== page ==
The Sunday porch: Route 800

barnesville-oh-1974-documerica-u-s-national-archives“Residents of an older home,* built in the 1850’s, take advantage of the summer weather to sit on their front porch off Route #800.” Barnesville, Ohio, July 1974. Below, the back porch.

back-porch-barnesville-oh-1974-documerica-u-s-national-archives

Both photos above were taken by Erik Calonius for DOCUMERICA, an early photography program of the U.S. Environmental Protection Agency (EPA). They are shown, with the original caption, via The U.S. National Archives Commons on flickr.

From 1972 to 1977, the EPA hired over 100 photographers to “document subjects of environmental concern.” They created an archive of about 20,000 images.

In addition to recording damage to the nation’s landscapes, the project captured “the era’s trends, fashions, problems, and achievements,” according to the Archives, which held an exhibit of the photos, “Searching for the Seventies,” in 2013.

By 1974, the proliferation of porchless ranch-style houses, air-conditioning, and television had made sitting on a shady front porch in hot weather something of an anomaly for many Americans.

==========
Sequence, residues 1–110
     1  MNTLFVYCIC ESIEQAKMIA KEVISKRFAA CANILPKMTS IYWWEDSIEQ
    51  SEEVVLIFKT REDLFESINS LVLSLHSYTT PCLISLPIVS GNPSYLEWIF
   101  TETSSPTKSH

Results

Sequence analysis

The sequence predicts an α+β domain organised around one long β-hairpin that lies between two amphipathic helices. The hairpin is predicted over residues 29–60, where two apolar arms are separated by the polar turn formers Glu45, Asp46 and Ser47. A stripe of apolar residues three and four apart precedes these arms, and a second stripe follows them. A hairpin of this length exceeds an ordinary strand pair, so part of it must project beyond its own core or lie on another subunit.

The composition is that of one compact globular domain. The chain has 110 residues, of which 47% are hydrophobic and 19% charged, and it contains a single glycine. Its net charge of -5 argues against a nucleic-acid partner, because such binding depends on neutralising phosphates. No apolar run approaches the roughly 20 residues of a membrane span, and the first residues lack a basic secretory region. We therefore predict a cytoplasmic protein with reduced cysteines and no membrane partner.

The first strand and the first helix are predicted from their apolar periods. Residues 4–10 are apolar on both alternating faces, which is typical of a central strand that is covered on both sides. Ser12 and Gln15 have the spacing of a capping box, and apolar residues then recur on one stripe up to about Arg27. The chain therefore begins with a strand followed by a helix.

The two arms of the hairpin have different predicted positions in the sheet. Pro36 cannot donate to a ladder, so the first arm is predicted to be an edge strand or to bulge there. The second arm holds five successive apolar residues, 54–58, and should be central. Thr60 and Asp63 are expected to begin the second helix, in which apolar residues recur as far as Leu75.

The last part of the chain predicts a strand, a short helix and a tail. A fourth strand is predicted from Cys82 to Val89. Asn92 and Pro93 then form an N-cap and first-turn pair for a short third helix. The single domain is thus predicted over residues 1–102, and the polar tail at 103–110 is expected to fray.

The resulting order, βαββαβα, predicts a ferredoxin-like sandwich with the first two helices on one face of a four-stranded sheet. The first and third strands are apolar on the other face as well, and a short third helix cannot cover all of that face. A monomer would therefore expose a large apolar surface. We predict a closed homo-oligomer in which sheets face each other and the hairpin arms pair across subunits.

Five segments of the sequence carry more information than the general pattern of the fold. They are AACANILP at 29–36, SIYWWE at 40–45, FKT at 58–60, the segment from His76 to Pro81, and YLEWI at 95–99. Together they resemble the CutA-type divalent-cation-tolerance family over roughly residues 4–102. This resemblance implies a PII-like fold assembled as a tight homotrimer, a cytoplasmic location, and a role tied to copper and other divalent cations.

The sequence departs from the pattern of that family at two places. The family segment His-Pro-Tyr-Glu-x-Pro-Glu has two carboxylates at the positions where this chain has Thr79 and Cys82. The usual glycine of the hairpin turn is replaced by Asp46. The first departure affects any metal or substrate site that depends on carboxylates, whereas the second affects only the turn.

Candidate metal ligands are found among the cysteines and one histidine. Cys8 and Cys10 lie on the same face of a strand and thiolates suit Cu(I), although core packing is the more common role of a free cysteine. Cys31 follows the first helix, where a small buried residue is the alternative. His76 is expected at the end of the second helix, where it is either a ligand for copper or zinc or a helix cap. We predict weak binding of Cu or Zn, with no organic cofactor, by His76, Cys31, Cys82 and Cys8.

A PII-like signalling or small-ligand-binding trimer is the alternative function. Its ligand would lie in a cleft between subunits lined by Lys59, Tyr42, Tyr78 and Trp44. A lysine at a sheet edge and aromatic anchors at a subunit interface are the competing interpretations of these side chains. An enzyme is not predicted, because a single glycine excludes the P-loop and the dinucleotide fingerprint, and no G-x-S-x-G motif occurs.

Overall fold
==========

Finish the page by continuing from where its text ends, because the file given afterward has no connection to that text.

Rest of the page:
*A visitor to the first photo’s flickr page wrote, “This house stood on the north side of State Route 800, near Barnesville, at about 40.014772, -81.168533. The section pictured here may have been of log construction.”

Vintage landscape: Poca, WV

Vintage landscape/enclos*ure: Poca, W.V., 1973,, via Natl. Archives“Water cooling towers of the John Amos Power Plant* loom over Poca, [West Virginia], home that is on the other side of the Kanawha River. Two of the towers emit great clouds of steam.”

This photo† (shown here with original caption) was taken in August 1973 by Harry Schaefer for DOCUMERICA, a photography project of the U.S. Environmental Protection Agency.

There are more pictures from DOCUMERICA here.


*Three-unit coal-fired power plant.

†Via the U.S. National Archives Commons on flickr.